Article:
In a feature situation, I converse with the DIT all the time, as we’ve worked out LUTs in pre-production and he or she knows the intended look of the film very well. We are always discussing the shadows and highlights and the colour balance, determining what we might want to let go of in the exposure extremes and what we will want to make sure we retain. However, there are often situations on action films where my operators are going “free range”... I really like the idea that when operating the C700, the operator can use the "in eyepiece" waveform monitor to immediately switch between the chosen LUT and Canon Log to make critical exposure decisions.
How important is a solid workflow to you when you’re choosing a camera? Or is it all about the image?
For me, it’s all about the image - but having a rock-solid workflow is critical to achieving that end. With the advent of digital cinematography, so many people have been working so hard to develop methodologies that ensure the artistry of everyone participating endures from capture to presentation. It’s so important that the different components of image capture co-ordinate well together… and it’s good to see that Canon and Codex have worked together to make that happen.
“…IT WAS HEARTENING THAT CODEX ADDRESSED THESE PROBLEMS WITH THE CAMERA MANUFACTURERS AND DEVELOPED A COMPLETELY DEPENDABLE SYSTEM, WHETHER THE RECORDER WAS ONBOARD OR SEPARATE”
What were your thoughts when you saw the images on the big screen at SHED?
I was very happy with the Canon C700/Codex combination because of the way subtle nuance was rendered in the faces of the people we photographed. I still think the most important thing any camera can do is see the subtleties in the “facial landscape”.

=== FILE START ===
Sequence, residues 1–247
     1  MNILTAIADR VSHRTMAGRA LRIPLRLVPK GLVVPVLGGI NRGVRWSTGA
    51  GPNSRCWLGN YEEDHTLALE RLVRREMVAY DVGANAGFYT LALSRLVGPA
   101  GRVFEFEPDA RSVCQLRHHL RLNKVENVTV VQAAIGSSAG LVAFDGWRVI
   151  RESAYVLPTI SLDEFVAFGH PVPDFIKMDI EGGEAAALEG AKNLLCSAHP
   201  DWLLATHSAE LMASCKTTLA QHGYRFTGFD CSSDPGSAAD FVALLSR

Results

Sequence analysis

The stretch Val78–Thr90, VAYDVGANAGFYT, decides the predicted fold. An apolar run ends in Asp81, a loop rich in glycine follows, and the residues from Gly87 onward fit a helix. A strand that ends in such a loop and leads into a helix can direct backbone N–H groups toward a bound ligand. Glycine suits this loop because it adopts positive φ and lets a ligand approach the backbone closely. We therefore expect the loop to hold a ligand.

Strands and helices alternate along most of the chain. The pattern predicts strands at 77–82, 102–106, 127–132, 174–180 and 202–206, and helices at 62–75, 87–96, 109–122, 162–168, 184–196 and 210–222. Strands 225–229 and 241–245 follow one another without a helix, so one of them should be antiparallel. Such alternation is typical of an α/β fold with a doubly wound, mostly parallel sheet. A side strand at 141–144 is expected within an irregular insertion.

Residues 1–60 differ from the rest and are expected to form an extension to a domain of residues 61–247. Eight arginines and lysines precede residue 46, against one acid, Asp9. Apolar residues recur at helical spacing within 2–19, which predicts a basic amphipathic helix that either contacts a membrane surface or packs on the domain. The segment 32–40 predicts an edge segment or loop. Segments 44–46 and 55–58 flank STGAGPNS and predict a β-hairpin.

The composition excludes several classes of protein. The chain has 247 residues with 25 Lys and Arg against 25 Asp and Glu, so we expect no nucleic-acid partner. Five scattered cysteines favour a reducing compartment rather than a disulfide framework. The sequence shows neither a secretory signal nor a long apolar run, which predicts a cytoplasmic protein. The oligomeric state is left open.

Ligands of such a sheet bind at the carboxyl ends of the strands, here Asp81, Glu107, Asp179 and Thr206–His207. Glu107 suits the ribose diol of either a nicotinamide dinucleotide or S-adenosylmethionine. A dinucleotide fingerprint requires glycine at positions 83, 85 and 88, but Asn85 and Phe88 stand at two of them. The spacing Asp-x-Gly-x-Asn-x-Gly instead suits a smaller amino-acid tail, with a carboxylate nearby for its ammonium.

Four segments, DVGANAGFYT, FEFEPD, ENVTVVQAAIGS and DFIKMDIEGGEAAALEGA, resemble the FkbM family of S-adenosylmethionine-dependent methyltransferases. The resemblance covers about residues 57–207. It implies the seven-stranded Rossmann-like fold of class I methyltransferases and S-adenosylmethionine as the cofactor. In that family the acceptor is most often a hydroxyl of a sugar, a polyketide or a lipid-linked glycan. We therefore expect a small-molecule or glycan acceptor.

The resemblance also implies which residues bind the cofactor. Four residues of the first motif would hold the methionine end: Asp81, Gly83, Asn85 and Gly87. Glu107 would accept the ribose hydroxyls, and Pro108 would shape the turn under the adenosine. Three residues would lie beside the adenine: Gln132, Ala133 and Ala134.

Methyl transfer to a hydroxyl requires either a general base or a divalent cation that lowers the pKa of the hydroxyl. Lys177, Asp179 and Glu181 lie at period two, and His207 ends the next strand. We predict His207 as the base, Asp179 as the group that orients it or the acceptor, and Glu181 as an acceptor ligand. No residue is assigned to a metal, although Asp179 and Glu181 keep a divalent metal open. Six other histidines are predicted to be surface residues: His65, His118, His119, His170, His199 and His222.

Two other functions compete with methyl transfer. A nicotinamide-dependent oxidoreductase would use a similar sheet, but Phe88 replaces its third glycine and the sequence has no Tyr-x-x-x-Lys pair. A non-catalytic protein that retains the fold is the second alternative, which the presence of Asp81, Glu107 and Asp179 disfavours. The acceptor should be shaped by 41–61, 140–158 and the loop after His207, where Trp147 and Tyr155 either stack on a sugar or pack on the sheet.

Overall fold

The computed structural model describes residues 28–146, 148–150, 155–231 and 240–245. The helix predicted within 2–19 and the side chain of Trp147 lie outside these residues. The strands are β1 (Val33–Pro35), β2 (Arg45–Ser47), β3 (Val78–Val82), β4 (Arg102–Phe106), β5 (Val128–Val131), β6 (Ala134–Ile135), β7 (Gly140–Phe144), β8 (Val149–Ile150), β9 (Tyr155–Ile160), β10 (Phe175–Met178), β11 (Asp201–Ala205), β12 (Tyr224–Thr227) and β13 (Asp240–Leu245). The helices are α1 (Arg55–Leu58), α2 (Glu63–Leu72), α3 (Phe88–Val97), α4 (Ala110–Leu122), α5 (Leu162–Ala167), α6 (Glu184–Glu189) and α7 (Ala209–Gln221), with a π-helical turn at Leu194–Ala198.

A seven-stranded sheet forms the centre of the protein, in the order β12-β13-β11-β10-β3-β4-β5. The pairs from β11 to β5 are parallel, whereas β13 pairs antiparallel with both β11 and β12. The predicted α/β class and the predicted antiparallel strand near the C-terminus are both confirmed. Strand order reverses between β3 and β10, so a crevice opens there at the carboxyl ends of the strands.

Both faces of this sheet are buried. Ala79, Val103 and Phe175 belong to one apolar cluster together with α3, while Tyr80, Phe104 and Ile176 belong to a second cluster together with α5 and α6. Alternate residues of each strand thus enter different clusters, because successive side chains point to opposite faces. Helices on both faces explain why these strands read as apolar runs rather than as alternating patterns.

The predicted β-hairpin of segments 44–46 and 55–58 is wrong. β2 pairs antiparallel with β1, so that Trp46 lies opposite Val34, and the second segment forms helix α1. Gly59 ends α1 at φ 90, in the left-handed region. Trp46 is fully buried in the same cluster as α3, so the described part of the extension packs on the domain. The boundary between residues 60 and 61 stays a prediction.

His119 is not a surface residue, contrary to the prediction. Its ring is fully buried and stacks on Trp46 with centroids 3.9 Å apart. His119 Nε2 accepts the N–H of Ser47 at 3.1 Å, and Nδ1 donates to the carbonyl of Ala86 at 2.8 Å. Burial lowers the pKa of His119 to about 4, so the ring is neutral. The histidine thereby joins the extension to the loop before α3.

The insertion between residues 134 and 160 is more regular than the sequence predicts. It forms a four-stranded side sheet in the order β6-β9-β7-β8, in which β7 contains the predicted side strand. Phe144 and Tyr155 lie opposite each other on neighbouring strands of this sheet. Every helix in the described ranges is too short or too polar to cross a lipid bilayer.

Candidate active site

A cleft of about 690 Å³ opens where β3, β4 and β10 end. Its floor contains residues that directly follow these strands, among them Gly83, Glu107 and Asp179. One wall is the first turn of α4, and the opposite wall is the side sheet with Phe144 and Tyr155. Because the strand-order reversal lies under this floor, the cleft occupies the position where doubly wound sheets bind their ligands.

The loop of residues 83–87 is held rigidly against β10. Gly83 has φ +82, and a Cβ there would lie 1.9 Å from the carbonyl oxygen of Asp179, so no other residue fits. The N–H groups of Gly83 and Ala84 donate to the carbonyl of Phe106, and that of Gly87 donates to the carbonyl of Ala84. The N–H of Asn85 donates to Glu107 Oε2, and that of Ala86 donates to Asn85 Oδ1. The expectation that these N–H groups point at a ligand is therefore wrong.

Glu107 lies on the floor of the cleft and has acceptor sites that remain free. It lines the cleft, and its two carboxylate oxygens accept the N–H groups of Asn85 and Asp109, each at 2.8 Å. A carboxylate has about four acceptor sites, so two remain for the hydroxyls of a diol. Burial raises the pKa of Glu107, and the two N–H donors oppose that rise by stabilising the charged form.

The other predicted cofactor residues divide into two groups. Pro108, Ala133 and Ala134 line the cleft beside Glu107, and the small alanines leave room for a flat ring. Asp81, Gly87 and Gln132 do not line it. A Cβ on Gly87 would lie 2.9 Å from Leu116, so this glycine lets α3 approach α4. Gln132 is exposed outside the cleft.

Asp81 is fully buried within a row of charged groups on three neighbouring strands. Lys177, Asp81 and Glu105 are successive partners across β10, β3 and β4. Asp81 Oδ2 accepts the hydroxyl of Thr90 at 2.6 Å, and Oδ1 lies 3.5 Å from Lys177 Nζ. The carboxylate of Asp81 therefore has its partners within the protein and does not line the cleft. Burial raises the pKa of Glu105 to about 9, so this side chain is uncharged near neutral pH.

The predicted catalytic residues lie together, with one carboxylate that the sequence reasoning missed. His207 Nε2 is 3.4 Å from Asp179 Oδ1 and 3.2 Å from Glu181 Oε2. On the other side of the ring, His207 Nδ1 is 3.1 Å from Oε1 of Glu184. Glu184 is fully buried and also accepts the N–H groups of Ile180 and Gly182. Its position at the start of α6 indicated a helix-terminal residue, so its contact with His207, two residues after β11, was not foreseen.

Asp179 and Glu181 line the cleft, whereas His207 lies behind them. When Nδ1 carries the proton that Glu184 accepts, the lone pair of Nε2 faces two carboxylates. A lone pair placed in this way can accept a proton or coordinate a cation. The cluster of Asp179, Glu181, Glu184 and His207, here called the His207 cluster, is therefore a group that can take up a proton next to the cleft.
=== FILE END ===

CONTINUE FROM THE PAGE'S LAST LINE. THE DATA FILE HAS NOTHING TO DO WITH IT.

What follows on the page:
Tyler, do you have plans to use the C700 again?
Yes! I am working on a potential short film featuring ski patrollers doing avalanche control work at 12,000 feet, where the latitude of the C700 will be a real boon in the challenging natural light. I am also eager to use it for upcoming TV commercial work - so much of my outdoor cinematography involves heavily backlight scenes at sunrise and sunset, with fast-moving setups and relatively small lighting kits; in these situations, having the latitude of the C700 with Codex RAW recording is a huge asset for both holding the highlight and shadow information, as well as bringing up subtle shadow details in the color grade when needed. This can really save us lighting time on set.
And Russell, why should someone choose to shoot with the C700, given all the camera choices available today?
I think the most immediate reason to shoot with the C700 is that it’s a 4K camera in a very production friendly package that when paired with the Codex recorder, provides a 15 stop latitude, great color space, in a very robust system that provides feature quality imagery in a combat-tough camera package.
Now watch the final piece...
Images courtesy their respective owners.
Read more about the Codex + Canon relationship